Winkler will talk about his recent research in auditory perception and its role and functioning in the newborn brain. He will argue that the representation of a sound organization in the brain is a coalition of auditory regularity representations producing compatible predictions for the continuation of the sound input. Competition between alternative sound organizations relies on comparing the regularity representations on how reliably they predict incoming sounds and how much together they explain from the total variance of the acoustic input. Results obtained in perceptual studies using the auditory streaming paradigm will be interpreted in support of the hypothesis that regularity representations underlie auditory stream segregation.
Furthermore, Winkler will argue that the same regularity representations are involved in the deviance-detection process reflected by the mismatch negativity (MMN) event-related potential (ERP).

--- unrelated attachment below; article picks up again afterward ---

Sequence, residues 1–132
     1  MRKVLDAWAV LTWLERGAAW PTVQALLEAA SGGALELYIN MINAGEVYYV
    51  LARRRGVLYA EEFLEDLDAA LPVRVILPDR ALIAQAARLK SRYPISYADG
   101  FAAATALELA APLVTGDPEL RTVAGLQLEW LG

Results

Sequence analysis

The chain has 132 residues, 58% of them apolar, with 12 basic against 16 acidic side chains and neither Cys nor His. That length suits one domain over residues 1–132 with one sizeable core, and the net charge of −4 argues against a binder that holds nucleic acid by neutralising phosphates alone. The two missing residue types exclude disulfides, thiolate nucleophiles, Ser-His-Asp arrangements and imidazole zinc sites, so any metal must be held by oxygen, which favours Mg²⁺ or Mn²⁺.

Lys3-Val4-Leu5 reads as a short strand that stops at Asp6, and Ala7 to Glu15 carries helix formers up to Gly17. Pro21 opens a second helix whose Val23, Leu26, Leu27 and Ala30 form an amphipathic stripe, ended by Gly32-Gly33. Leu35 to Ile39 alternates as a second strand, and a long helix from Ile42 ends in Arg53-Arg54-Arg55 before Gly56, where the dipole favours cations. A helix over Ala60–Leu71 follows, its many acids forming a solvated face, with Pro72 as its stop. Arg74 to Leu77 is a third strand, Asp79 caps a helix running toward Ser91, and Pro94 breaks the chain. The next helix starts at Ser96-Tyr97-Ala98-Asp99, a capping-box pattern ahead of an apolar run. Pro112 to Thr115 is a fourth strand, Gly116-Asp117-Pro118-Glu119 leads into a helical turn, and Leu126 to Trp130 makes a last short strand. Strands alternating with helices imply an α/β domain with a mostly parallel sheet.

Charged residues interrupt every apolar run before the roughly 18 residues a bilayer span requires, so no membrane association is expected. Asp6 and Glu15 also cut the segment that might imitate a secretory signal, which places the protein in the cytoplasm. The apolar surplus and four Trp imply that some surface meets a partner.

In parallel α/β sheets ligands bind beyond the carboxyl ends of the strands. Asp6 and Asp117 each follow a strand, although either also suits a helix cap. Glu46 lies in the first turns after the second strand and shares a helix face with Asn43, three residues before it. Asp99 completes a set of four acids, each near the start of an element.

Finally, based on the hypothesized link between auditory scene analysis and deviance detection, Winkler will propose a functional model of sound organization and discuss how it can be implemented in a computational model.
Näätänen R, Kujala T, & Winkler I (2011). Auditory processing that leads to conscious perception: a unique window to central auditory processing opened by the mismatch negativity and related responses. Psychophysiology, 48 (1), 4-22 PMID: 20880261.
Winkler I, Denham SL, & Nelken I (2009). Modeling the auditory scene: predictive regularity representations and perceptual objects. Trends in cognitive sciences, 13 (12), 532-40 PMID: 19828357